By: Sofía Kalormakis de Kosmas
Photos: Javier Pinzón
In May 2013, fifteen Latin American journalists gathered at a restaurant in Washington, D.C. to exchange notes on a science and innovation workshop. The friendly dinner was abruptly interrupted by an announcement: México and Central America were officially in crisis. México announced the death of 1.3 million cattle; Nicaragua warned that their beans were “still on the ground”; and energy bills were skyrocketing in Panama due to an increase in the use of thermal energy when rain refused to fall over major hydroelectric reservoirs.
Media in each country reported on the devastation the drought was able to cause in just a few weeks: dead livestock, crop failures, brown-outs, water shortages and, consequently, closures of schools, offices, and businesses lasting more than a week in order to save energy. Experts claimed that the increase in evaporation associated with higher temperatures had affected water availability. According to the Intergovernmental Panel on Climate Change (IPCC) and the United Nations Program for Environment (UNEP), regional temperatures have risen by 0.5 °C over the past three decades. If this trend continues and global temperatures rise more than 2 °C (as forecasted by the IPCC), the region will suffer even greater economic, social, and environmental losses.
“The Economics of Climate Change in Central America,” a study published in 2010 by the Economic Commission for Latin America and the Caribbean (ECLAC), warns of energy vulnerability in this region in which 45% of the energy matrix’s total power generation comes from hydroelectric plants. Furthermore, the report emphasizes the need to implement a strategy to counter the effects of shortages of water needed to produce food and electricity.
According to Julie Lennox, the specialist in charge of the study, countries must create long-term strategies that will allow water to be stored during periods of heavy rains. “Corn and beans are agriculture’s greatest sources of concern. If farmers continue to plant like they have in the past, they’re in for big losses,” explained the expert, adding that part of the challenge in Central America will be in breaking polluting trends and stopping the importation of hydrocarbons, replacing them with renewable energy sources.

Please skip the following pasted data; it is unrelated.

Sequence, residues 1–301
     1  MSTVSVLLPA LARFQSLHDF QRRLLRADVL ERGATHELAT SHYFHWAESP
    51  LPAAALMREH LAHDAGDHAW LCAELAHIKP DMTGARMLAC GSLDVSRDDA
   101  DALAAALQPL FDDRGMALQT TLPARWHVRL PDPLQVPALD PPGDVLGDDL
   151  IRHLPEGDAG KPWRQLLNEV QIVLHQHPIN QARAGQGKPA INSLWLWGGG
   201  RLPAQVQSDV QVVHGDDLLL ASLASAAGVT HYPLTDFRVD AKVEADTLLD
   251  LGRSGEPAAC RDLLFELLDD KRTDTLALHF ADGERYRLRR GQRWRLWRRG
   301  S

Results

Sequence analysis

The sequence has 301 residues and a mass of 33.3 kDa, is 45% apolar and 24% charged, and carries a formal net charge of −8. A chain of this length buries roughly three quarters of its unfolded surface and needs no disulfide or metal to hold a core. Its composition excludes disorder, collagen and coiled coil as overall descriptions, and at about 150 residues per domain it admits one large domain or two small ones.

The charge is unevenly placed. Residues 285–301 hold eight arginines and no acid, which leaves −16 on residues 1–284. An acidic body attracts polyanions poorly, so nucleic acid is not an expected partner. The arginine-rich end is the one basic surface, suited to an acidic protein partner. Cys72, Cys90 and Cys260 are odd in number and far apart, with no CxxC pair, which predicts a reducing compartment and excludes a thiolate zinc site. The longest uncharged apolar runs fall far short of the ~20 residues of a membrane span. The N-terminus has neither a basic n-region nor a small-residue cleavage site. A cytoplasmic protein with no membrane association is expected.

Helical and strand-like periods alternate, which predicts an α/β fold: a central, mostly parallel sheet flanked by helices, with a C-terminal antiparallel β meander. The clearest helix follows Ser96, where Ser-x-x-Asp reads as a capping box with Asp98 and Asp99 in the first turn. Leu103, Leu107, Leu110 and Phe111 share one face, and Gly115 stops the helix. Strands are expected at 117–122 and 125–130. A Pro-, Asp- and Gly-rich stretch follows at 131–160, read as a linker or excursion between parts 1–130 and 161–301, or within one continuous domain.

“The increased demand for renewable energy technologies is due mainly to the huge potential for reducing greenhouse gases (GHG), which correlate with increased energy consumption,” said Natalia Young, Environmental Specialist at the Panamanian Association of Business Executives (APEDE). “In addition to their potential to mitigate climate change, an energy matrix based on local renewable sources promotes access to energy, improves energy security, and reduces the negative impacts of fossil fuels on human health and the environment,” she added.
And so, although hydroelectric power is renewable in that it uses waterpower to generate energy, hydroelectric mega-projects can have very negative social and environmental impacts and therefore, some experts don’t consider them a sustainable option. However, small-scale hydroelectric plants, which don’t require large dams, can be sustainable and help generate power without negative effects.
Innovation in Times of Need
Although the road to complete independence from fossil fuels is long, necessity forces us to seek innovation in energy production and Central America is apparently on the right path. This was demonstrated during the 22nd Regional Forum hosted by the Energy and Environment Partnership with Central America (EEP) being held in Panama at the time this issue was published. The Alliance is part of the Central American Integration System (SICA).